Culture in Action

Family Life, Emotion, and Male Dominance in Banaras, India

By Steve Derne

Subjects: Hindu Studies
Paperback : 9780791424261, 232 pages, July 1995
Hardcover : 9780791424254, 232 pages, July 1995

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Table of contents


1. Studying Gender Culture in a North Indian City:Beyond the Image of Culture as Shared and Constraining

2. Making Gender Culture: Men Talk About Controlling Women

3. The Collectivist Framework for Understanding Action: Hindu Men's Focus on Social Pressures

4. Culture and Psyche: Emotions, Conscience, and Self-Conceptions

5. Second Languages and Individual Desires

6. True Believers, Cowed Conformers, Innovative Mimetists, and Unapologetic Rebels: Women and Men Respond to the Threat of Dishonor

7. Culture Work and Strategies of Action: How Hindu Men Buck Social Pressure

8. Who Rejects Social Roles?: Innovators and Cultural Dopes

9. Family Structure, Ethnopsychology, and Emotion Culture: How Do They Make Each Other Up?

10. Conclusion

Appendix: Fieldwork in Urban India




By examining how Hindu men talk about marriage and family, this book shows how culture reinforces male dominance in Hindu society.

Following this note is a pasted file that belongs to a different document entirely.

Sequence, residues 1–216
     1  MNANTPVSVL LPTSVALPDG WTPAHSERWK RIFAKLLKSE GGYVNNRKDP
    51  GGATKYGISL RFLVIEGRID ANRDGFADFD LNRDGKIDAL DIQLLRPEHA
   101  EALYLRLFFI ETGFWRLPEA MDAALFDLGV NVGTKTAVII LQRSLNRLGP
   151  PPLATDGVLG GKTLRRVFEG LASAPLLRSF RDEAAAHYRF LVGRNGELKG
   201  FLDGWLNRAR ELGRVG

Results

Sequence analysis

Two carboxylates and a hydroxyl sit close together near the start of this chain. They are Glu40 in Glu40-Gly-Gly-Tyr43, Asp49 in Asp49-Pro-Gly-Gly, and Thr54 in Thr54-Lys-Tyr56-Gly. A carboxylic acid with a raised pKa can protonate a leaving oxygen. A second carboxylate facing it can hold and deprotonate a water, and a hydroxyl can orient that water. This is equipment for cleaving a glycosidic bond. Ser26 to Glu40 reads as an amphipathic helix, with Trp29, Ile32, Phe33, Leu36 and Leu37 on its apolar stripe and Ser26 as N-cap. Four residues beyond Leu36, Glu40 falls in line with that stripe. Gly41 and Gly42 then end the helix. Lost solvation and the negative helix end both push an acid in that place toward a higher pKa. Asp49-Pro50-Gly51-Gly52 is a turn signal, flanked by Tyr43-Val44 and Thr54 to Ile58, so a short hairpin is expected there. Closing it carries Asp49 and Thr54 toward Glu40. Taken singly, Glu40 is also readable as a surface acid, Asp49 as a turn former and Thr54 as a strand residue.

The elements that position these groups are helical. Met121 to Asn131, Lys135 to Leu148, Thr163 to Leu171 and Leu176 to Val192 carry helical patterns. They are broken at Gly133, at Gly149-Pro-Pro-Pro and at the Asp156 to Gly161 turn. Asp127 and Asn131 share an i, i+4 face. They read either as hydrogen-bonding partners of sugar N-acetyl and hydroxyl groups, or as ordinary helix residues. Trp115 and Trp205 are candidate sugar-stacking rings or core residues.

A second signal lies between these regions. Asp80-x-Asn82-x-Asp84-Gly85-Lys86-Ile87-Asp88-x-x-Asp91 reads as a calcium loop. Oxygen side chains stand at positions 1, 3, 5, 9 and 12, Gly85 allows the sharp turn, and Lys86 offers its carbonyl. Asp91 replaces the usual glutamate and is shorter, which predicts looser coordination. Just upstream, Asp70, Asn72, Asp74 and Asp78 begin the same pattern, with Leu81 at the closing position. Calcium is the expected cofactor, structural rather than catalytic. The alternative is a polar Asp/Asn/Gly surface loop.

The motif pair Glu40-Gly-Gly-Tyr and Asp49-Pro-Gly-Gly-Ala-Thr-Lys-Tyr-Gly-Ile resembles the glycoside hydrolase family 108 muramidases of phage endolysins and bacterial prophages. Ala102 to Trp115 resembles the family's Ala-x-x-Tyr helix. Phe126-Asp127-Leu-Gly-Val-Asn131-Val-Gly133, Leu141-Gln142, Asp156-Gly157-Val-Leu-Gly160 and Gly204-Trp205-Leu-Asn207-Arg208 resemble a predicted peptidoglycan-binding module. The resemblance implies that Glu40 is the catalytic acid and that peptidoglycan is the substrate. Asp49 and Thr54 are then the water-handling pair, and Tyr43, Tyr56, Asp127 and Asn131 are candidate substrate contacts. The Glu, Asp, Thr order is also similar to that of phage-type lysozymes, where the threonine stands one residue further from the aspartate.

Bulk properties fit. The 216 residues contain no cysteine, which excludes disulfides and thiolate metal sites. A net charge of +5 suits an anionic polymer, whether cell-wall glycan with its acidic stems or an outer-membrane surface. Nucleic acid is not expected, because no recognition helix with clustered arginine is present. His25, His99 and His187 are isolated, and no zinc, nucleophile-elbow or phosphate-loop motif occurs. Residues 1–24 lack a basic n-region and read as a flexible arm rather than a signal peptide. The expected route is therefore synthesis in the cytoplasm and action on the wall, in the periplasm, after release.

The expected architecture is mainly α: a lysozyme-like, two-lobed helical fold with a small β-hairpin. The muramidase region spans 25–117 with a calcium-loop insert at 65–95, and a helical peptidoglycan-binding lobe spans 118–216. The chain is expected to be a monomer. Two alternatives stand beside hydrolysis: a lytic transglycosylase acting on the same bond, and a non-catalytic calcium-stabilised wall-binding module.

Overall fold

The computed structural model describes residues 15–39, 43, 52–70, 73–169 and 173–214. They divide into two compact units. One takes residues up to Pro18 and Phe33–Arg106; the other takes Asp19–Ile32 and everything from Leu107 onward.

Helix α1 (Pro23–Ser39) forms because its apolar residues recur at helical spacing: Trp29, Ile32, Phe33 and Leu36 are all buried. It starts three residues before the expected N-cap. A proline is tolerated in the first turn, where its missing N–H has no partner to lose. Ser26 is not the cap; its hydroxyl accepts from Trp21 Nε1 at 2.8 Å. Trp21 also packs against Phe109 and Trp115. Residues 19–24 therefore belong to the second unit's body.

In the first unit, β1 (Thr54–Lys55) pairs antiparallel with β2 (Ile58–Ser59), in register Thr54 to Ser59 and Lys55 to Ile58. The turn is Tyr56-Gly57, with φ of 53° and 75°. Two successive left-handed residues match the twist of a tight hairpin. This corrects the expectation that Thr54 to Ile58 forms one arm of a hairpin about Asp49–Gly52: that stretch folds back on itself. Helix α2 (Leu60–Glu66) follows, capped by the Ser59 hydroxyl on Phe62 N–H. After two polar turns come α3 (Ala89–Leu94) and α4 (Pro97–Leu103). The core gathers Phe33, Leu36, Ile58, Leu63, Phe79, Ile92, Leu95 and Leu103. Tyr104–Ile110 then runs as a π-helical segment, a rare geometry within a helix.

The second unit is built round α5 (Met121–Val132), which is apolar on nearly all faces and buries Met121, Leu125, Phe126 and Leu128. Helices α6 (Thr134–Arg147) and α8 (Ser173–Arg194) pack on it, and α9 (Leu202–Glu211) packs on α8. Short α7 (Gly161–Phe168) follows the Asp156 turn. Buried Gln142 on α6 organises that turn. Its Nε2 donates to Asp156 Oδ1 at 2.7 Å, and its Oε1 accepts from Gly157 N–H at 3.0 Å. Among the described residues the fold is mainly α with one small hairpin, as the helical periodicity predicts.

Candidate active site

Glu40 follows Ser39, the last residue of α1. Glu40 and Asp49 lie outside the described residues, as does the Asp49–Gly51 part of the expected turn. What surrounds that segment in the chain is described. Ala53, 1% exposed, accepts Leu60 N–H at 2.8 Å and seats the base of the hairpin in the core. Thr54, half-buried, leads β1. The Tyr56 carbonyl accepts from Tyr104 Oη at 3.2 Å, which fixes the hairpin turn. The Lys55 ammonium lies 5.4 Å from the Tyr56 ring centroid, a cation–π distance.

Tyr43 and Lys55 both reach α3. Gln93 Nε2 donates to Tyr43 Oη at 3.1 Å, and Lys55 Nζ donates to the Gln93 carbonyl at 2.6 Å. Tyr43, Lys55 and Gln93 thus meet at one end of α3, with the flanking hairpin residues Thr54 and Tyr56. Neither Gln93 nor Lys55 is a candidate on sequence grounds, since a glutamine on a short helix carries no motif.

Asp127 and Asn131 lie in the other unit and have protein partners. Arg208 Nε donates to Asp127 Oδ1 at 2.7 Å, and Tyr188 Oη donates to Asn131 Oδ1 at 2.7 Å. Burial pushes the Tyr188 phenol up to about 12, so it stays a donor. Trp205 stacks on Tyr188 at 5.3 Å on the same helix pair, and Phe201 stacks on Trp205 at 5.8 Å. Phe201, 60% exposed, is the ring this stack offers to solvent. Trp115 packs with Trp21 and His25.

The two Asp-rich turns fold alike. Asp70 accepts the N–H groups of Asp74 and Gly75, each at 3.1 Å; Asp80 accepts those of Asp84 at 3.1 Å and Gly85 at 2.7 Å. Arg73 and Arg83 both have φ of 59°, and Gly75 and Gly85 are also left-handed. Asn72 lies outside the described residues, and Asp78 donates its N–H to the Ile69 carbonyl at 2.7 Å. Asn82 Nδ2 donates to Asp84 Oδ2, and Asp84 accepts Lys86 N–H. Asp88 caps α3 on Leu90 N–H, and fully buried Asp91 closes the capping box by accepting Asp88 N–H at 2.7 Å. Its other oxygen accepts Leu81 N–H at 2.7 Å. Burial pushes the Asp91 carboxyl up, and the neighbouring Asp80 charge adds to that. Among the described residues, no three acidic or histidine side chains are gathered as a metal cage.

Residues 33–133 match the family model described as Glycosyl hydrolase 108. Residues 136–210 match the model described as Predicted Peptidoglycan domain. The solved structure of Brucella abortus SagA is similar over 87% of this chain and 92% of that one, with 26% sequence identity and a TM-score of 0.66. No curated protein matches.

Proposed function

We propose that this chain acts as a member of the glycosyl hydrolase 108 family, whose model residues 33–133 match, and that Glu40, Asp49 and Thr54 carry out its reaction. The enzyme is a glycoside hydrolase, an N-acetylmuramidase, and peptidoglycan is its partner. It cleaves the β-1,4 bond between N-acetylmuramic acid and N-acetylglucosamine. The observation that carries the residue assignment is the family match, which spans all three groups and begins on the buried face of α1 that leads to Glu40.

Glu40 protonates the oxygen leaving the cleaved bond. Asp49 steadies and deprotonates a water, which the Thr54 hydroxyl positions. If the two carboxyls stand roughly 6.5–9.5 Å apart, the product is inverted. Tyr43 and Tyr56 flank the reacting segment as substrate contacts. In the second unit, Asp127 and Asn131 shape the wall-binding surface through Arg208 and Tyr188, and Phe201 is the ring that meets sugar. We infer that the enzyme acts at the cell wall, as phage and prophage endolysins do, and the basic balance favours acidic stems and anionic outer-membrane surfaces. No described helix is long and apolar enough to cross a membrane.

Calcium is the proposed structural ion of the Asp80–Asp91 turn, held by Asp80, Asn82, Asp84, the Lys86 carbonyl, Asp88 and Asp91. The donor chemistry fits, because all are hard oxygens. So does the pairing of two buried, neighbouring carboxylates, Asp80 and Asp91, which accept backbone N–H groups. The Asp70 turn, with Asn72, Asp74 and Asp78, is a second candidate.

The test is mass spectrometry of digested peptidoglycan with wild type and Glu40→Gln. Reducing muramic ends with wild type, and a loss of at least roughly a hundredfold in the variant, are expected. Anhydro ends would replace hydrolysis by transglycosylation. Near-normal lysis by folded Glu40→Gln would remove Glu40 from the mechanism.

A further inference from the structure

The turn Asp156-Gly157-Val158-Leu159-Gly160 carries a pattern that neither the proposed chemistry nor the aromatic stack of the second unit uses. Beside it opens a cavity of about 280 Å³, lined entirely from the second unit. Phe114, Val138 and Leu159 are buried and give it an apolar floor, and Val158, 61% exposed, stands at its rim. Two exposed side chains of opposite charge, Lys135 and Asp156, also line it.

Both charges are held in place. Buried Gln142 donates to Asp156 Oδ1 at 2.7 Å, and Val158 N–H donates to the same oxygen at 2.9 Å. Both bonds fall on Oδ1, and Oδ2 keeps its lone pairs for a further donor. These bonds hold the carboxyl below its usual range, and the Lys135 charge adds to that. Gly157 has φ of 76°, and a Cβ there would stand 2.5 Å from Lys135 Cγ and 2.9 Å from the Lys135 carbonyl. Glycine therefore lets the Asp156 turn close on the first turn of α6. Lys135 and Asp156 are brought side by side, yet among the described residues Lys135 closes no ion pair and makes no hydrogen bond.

In Culture in Action Derne explores the interconnections between male dominance, joint-family living, Indian emotional life, and a cultural focus on group pressures. Derne emphasizes the Hindu focus on the social group, but shows that men often distance themselves from group culture by marrying for love, separating from their parents, or embracing closeness with their wives.

Derne's suggestion that Indian men's cultural focus on the group limits men's and women's strategies for breaking cultural norms offers a new approach to understanding how culture constrains. He shows how the child-rearing practices and emotional tensions associated with joint-family living shape Indians' group emphasis. This approach suggests that the Hindu focus on the group is intimately connected with male dominance.

Steve Derne is Assistant Professor of Sociology at State University of New York, College at Geneseo. He received the Society for Psychological Anthropology's 1991 Stirling Award for his work on family structure and self-conceptions.


"This book should be read by anyone wanting to understand Hindu life—I found it fascinating. Derné has established unusually intimate interview relationships with his sizable sample of male respondents. He has managed to get inside their thought processes in a way no other writer on Indian family life has. Furthermore, he tries to explain why these men think and feel as they do. This book is an extraordinary achievement." — Pauline Kolenda, University of Houston

"It represents an insightful handling of men's talk and the underlying motivational/emotional system out of which such talk and attitudes emerge. It complements the recent literature that examines patriarchal institutions in India from a woman's perspective by drawing insights from the ways men talk about women and family values." — Susan Seymour, Pitzer College